William Cooper, M.D., M.P.H. Cornelius Vanderbilt Professor Pediatrics and Health Policy Associate Dean for Faculty Affairs Director, Center for Patient and Professional Advocacy Vanderbilt University Medical Center

Unprofessional Behavior by Surgeons Linked to Surgical Complications in Their Patients

MedicalResearch.com Interview with:

William Cooper, M.D., M.P.H. Cornelius Vanderbilt Professor Pediatrics and Health Policy Associate Dean for Faculty Affairs Director, Center for Patient and Professional Advocacy Vanderbilt University Medical Center

Dr. Cooper

William Cooper, M.D., M.P.H.
Cornelius Vanderbilt Professor
Pediatrics and Health Policy
Associate Dean for Faculty Affairs
Director, Center for Patient and Professional Advocacy
Vanderbilt University Medical Center

MedicalResearch.com: What is the background for this study?  

Response: For surgical teams, high reliability and optimal performance are dependent on effective communication, mutual respect, and continuous situational awareness. Surgeons who model unprofessional behaviors may contribute to undermining a culture of safety, threaten teamwork, and thereby increase risk for medical errors and surgical complications.

MedicalResearch.com: What are the main findings?

Response: Among 13,563 patients in a retrospective cohort drawn from two academic medical centers’ National Surgical Quality Improvement Program database, patients whose surgeons had a higher number of coworker reports about unprofessional behavior had a significantly increased risk of surgical and medical complications.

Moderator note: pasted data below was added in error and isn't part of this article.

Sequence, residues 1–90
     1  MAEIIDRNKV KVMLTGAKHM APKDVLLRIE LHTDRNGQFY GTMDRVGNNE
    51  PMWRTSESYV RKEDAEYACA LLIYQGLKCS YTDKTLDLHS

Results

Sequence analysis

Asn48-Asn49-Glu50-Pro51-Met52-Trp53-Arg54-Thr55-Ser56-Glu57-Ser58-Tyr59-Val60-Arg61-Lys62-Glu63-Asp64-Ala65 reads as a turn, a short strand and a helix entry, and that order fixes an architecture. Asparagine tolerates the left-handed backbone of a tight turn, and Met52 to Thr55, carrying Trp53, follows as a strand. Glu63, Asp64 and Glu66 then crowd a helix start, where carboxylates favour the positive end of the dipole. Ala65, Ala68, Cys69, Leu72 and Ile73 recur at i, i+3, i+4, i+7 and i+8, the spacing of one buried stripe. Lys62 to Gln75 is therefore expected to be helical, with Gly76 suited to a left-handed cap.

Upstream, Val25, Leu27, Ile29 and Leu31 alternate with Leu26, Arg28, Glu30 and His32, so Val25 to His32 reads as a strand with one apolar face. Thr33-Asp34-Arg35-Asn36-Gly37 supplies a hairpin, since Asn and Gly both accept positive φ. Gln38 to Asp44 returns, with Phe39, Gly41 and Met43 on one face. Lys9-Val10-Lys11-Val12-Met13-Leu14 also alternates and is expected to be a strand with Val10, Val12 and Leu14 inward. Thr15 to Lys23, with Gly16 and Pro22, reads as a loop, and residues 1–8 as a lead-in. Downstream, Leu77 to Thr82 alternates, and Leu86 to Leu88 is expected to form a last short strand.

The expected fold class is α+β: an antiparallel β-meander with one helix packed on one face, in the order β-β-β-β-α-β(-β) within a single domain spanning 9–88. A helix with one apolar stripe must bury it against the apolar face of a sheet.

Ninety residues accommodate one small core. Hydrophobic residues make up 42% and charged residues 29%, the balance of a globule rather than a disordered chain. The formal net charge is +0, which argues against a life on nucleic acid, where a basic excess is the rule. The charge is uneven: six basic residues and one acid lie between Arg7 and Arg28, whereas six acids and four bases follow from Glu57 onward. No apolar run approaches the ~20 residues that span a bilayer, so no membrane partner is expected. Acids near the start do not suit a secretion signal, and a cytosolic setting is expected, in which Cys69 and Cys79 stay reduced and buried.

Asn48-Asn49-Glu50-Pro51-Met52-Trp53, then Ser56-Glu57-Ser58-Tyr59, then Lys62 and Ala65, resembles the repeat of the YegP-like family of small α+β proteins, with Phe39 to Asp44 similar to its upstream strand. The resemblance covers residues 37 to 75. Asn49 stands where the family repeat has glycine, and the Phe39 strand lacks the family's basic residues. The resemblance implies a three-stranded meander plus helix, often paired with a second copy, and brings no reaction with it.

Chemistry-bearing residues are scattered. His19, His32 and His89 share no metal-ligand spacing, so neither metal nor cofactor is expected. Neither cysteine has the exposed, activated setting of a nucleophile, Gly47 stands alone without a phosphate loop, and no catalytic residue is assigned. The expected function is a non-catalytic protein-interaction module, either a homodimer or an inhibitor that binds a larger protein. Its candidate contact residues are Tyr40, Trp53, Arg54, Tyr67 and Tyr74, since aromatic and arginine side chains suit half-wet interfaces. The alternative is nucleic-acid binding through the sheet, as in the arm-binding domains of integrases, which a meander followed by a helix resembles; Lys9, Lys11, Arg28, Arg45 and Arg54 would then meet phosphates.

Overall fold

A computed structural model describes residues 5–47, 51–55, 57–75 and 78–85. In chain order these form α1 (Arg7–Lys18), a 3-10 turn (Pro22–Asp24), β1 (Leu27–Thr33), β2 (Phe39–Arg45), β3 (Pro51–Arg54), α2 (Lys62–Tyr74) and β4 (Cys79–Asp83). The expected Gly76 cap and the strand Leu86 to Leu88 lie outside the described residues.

Compared with patients whose surgeons had no reports, those whose surgeons were reported for unprofessional behavior in the 36 months before their operations were more likely to have wound infections and other complications including pneumonia, blood clots, renal failure, stroke and heart attack. Patients whose surgeons had one to three reports of unprofessional behavior were at 18% higher estimated risk of experiencing complications, and those whose surgeons had four or more reports were at nearly 32% higher estimated risk compared to patients whose surgeons had no reports.

There was no difference, however, between study groups in the percentage of patients who died, required a second operation or who were readmitted to the hospital within 30 days of their first operation.

MedicalResearch.com: What should readers take away from your report? 

Response: Surgeons who model unprofessional behaviors may contribute to undermining a culture of safety, threaten teamwork, and thereby increase risk for medical errors and surgical complications.

MedicalResearch.com: What recommendations do you have for future research as a result of this work? 

Response: We know that ~80% of physicians who receive feedback about their unprofessional behave will improve. Follow-up studies should assess whether reductions in unprofessional behaviors are associated with reduced risk of adverse outcomes of care. 

Any disclosures? The authors reported no disclosures. The study was funded by the Center for Patient and Professional Advocacy at Vanderbilt University Medical Center. 

Citation:

Cooper WO, Spain DA, Guillamondegui O, et al. Association of Coworker Reports About Unprofessional Behavior by Surgeons With Surgical Complications in Their Patients. JAMA Surg. Published online June 19, 2019. doi:10.1001/jamasurg.2019.1738

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Jun 19, 2019 @ 4:45 pm

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